Feb. 2—A bill that would legalize medically assisted suicide in Indiana is, unfortunately, apt to die in committee.
In Saturday's newspaper, reporter Caleb Amick relayed the story of Carrol Krause, an Indiana woman with an incurable tumor who starved to death as no medically assisted option was legally available to her.
Our modern medical advancements are a marvel in the realm of extending life, but what considerations should be made for quality of life?
Ending one's own life is an emotionally charged topic and often raises moral and ethical concerns.
The bill gives a list of requirements for one to be considered for medical assistance in death.
The person must be 18 or older; terminally ill with a life expectancy of six months or less; capable of making their own choices; and must be doing so voluntarily.
The bill as written raises many questions. Estimating how much time someone has to live is exactly that — an estimate. No one, even doctors, can predict that with certainty.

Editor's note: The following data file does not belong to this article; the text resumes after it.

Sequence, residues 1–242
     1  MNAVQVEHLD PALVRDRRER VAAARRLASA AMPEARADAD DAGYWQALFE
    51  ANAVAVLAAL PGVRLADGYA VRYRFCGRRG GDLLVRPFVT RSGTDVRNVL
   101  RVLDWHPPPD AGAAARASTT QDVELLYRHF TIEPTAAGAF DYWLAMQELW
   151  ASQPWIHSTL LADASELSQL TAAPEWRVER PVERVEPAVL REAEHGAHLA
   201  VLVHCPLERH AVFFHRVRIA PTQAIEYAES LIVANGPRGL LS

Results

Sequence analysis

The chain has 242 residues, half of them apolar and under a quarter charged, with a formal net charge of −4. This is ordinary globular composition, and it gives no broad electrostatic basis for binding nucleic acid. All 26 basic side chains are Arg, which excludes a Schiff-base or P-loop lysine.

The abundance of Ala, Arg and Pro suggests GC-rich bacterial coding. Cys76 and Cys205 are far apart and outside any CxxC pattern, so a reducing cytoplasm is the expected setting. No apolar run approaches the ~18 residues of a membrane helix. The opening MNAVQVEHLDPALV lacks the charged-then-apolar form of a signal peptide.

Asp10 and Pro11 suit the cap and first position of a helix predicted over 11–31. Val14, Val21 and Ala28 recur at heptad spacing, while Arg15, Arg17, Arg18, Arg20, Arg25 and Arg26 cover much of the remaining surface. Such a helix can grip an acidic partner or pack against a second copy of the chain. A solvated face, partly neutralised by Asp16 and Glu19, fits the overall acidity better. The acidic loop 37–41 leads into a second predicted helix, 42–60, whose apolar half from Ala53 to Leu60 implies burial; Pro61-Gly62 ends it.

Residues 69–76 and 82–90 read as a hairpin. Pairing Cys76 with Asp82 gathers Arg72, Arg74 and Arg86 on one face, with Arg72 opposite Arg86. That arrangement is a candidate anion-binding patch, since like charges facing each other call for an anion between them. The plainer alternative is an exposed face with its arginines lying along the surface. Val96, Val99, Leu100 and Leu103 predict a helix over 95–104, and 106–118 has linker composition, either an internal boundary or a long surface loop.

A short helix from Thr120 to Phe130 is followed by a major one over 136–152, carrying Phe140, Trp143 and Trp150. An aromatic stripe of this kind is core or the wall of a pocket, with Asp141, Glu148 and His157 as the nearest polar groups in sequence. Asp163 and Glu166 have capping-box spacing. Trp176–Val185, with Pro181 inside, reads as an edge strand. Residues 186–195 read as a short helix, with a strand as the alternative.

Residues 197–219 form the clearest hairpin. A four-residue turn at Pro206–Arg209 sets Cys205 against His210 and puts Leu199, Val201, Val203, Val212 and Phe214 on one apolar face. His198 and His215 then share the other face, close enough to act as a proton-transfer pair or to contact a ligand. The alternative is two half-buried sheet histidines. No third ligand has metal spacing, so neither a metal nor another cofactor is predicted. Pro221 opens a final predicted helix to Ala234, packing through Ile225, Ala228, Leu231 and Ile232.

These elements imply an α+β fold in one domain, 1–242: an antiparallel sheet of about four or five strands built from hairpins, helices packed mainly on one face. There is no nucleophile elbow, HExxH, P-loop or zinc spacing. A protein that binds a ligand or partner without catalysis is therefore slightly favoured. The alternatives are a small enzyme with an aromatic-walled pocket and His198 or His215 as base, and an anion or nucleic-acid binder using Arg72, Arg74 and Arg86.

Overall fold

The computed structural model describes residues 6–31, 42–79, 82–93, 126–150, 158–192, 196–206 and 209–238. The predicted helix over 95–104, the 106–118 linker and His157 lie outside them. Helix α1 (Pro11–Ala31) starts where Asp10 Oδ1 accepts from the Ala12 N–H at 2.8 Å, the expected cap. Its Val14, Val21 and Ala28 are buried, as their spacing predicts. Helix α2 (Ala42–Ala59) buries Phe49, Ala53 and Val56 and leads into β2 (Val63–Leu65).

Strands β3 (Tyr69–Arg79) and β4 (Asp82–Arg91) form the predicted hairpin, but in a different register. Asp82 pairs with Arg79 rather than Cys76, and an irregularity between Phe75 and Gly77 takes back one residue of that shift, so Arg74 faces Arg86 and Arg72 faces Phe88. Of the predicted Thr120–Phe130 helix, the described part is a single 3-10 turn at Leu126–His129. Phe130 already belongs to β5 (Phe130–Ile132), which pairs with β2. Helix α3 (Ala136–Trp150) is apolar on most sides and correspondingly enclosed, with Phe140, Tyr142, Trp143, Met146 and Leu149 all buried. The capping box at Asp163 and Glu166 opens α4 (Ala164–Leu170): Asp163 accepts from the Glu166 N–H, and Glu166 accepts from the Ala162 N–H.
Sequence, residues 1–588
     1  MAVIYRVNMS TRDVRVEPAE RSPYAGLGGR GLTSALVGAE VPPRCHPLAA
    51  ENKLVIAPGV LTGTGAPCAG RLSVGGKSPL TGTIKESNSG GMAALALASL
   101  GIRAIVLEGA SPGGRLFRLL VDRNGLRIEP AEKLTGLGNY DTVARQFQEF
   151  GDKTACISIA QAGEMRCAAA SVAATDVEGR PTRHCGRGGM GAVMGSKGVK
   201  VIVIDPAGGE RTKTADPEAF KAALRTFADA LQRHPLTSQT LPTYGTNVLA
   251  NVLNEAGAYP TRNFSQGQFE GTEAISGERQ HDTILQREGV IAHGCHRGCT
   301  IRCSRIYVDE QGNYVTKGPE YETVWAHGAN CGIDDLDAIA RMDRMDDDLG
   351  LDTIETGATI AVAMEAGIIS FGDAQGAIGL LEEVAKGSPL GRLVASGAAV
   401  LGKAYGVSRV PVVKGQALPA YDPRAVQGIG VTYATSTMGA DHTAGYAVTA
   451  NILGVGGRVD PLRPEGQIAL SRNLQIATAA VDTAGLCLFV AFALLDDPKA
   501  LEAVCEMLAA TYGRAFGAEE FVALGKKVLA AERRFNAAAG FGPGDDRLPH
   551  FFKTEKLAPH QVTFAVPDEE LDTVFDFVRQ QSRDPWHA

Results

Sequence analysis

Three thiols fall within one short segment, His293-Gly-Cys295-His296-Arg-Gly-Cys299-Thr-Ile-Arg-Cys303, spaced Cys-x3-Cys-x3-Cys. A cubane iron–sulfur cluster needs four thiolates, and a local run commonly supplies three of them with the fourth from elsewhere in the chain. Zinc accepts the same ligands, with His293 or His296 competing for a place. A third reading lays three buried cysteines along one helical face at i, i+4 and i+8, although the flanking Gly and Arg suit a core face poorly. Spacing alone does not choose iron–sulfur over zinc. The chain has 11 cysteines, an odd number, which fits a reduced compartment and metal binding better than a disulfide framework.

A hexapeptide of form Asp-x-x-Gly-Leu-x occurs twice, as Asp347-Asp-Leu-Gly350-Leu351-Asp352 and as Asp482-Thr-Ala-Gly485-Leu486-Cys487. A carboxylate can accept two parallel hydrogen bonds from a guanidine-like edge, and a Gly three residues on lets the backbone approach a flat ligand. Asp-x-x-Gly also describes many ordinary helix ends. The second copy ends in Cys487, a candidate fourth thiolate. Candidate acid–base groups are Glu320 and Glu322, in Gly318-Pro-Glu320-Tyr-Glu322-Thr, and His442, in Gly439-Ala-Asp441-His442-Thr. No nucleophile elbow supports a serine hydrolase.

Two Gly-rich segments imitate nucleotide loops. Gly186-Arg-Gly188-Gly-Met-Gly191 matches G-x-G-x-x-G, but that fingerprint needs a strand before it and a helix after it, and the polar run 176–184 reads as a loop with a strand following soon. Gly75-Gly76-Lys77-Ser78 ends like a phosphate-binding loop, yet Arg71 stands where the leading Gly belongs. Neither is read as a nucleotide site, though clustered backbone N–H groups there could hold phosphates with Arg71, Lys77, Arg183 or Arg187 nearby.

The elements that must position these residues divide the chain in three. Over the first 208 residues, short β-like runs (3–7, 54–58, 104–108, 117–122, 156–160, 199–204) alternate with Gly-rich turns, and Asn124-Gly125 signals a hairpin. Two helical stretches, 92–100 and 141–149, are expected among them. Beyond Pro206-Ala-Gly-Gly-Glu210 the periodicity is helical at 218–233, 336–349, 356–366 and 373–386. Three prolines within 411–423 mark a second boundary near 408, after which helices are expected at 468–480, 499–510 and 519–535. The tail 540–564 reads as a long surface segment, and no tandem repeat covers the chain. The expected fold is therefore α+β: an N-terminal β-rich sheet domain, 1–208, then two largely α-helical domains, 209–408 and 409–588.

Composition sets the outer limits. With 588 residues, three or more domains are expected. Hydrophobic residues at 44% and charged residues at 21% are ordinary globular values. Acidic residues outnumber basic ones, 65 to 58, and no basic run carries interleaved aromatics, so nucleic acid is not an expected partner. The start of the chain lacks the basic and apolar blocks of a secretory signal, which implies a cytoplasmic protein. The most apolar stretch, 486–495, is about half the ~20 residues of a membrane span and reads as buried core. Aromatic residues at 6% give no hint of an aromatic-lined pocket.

What becomes of individuals who lose their ability to communicate or even comprehend their situation?
The current bill may not be ideal, and there are many reasons why someone might object to medically assisted suicide. And that is exactly why this bill ought to make it out of committee for a vote in the General Assembly.
Eleven states currently have laws that allow for medically assisted suicide in specific circumstances, and 16 other states are considering it. Indiana should be joining that conversation.
The Public Health Committee should consider the bill and allow it, or some version of it, to advance to the Indiana House floor for a robust discussion of this difficult issue.